Consent is perhaps one of the most important aspects of GDPR, and marketers will need to pay close attention to this. Going forward, new changes in regulations will have businesses changing the way they ask customers for consent.
The GDPR defines consent as the following:
“Consent of the Data Subject means any freely given, specific, informed and unambiguous indication of the Data Subject’s wishes by which he or she, by a statement or by a clear affirmative action, signifies agreement to the processing of Personal Data relating to him or her.”
In short, it’s become more difficult for organisations to obtain consent. An agreement for the processing of Personal Data needs to include clear, concise and affirmative action from organisations, of which the customer must agree to.
Let’s break down the GDPR documentation and extract the key qualities which make up valid consent.
- “Freely Given”
There should be a genuine choice between giving, or not giving, consent in which there is also a clear option to ‘refuse’ consent. The choice between these two options should be clear and informed, by making all information on the repercussions of each option readily available to the Data Subject.
Consent must be obtained in a way that is distinguishable from all other matters. It must be clearly defined and identified. One piece of consent for all purposes will not suffice.
The data subjects should be aware of the data controller, purposes of processing and all of the below information.
The way that consent is collected should leave no doubt surrounding the intentions of the data controller/data processors in respect of the data subject’s personal data. It should not be open to more than one interpretation.
In short, ensure that consent is presented clearly and separately from any other form of written declaration. No longer is it viable to present consent alongside the terms and conditions, or even within them; it must stand alone to ensure any uncertainty and ambiguity for the Data Subject is non-existent.
Sainsbury’s exemplify good practice by taking a specific and unbundled approach. As you can see, both consent and terms and conditions are presented as two separate sections, distinguishable by separate headings, text and boxes that are unticked.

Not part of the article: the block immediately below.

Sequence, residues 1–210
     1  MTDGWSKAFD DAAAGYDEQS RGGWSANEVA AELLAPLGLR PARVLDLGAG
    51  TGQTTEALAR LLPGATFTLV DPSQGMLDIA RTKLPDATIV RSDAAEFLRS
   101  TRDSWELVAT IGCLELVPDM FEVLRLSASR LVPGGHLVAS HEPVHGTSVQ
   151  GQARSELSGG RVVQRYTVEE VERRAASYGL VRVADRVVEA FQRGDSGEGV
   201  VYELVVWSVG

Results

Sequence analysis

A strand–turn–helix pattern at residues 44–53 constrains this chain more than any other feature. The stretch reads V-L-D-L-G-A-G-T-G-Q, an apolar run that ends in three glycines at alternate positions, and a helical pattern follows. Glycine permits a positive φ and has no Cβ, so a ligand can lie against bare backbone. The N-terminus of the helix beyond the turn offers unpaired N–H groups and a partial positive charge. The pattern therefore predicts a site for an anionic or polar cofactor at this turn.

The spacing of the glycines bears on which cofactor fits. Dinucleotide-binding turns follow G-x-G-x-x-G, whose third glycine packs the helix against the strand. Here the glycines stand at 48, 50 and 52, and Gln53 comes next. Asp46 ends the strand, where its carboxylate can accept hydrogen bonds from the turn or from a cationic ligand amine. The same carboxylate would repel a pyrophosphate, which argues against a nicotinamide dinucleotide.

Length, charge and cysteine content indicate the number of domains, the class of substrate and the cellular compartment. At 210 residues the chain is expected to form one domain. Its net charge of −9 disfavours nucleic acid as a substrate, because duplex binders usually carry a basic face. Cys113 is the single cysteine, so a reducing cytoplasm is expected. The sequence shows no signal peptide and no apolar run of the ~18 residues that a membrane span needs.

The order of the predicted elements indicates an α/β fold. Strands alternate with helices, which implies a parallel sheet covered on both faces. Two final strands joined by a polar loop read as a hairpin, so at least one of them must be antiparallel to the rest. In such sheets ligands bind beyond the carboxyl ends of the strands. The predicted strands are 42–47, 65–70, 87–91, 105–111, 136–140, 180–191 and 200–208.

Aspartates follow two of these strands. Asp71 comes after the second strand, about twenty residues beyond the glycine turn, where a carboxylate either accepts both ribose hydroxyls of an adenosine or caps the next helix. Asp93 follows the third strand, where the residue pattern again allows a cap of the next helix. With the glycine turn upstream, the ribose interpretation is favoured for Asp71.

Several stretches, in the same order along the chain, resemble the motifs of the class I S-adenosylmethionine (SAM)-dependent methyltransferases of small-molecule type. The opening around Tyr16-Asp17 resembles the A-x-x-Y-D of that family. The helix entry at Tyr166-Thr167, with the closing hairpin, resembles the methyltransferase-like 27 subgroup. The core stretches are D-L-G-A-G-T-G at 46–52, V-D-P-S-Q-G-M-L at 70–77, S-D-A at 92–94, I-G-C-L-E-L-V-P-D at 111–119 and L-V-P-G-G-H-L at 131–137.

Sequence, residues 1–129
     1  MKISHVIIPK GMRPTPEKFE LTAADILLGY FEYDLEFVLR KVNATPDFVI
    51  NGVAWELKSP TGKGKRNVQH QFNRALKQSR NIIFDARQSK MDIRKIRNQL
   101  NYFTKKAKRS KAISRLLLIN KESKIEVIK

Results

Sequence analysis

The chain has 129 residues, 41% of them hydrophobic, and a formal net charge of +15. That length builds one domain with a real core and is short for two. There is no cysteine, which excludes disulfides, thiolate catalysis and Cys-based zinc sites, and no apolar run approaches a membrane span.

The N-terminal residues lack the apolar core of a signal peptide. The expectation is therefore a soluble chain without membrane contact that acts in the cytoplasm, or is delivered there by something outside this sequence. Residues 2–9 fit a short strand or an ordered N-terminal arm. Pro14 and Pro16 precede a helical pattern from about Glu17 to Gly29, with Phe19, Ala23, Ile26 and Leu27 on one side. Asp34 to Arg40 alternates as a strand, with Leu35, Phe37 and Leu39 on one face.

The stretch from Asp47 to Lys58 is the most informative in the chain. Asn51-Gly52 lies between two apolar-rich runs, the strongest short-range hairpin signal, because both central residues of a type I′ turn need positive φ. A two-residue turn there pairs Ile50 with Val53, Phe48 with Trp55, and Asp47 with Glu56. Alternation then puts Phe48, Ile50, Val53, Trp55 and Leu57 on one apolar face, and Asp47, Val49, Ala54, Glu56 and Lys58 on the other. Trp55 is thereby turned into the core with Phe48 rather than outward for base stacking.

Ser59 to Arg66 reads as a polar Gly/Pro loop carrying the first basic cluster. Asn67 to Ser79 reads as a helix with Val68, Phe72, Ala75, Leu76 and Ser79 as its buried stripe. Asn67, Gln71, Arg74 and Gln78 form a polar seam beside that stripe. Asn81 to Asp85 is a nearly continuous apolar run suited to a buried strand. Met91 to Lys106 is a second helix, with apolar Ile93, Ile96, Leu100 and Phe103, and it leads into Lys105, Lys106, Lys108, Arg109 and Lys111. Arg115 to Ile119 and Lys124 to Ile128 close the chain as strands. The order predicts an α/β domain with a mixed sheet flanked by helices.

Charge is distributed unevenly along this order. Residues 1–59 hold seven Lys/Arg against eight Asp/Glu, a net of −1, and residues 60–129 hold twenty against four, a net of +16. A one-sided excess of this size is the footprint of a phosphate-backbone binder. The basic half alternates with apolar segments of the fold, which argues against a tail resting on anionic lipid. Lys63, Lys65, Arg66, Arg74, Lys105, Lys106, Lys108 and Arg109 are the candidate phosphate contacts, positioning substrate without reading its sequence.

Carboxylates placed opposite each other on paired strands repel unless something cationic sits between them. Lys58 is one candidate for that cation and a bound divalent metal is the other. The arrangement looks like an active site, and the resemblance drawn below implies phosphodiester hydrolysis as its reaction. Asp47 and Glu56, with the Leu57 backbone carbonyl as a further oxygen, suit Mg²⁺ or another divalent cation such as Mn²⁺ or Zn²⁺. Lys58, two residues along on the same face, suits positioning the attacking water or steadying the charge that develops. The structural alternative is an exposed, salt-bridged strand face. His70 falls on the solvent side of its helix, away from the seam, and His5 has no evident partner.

Historically, organisations would gain consent in two steps; a form, followed by a confirmation email sent to customers. This is now bad practice as the GDPR communicates that ‘double opt-in’ is mandatory for consent. Meaning, once a form is completed, the customer will then receive an opt-in confirmation email that contains a link confirming subscription.
As expected, ‘double opt-in’ adds a further layer of confirmation to the process which will strengthen and improve the accuracy of your mailing lists, which are populated only with correct data of the people that genuinely want to hear from you. The GDPR may seem like much effort and hassle for now, but it brings the benefit of cleaning up your marketing practices and making them much more coherent and concise, so you truly know your customers better.
‘Explicit consent’ is best practice and in the majority of cases is the only compliant way to gain consent.
While ‘explicit consent’ has not been stipulated, obtaining it is considered best practice. That said, ‘implied consent’ – a situation where the person could easily conclude they have consented to marketing, even if not said in as many words – could be considered valid. This is called legitimate interest.
The GDPR notes the following in regards to Legitimate Interest:
“Necessary for the purposes of the Legitimate Interests pursued by the Controller or by a third-party, except where such interests are overridden by the interests or fundamental rights and freedoms of the individual which require protection or personal information, in particular where the individual is a child.”
Legitimate Interest will only apply if there’s an established, relevant and appropriate relationship (in the eyes of the GDPR) between a data subject and an organisation. For instance, the data subject is an existing client of the organisation. In addition, the individual must expect that processing (within context) will take place. For instance, the individual will be subject to promotional offers or other marketing collateral based on his/her purchase.
Always bear in mind, it must invariably be communicated by the company to the data subject, that they can rely on the grounds of Legitimate Interest to process their data. To ensure coherence and good practice on behalf of your organisation, an ‘unsubscribe’/’opt-out’ option would ethically fulfill and satisfy any argument that involves the rights of an individual.
It’s of paramount importance that organisations fully comprehend these distinctions and comply with all new consent laws of which the GDPR brings. Failing to do so could be severely costly, with fines of up to €20 million or 4% of the organisation’s global annual turnover. Nevertheless, for most marketers the preparation begins now, if not already begun- prioritising legal consent and the storing and documenting of data is a great way to start.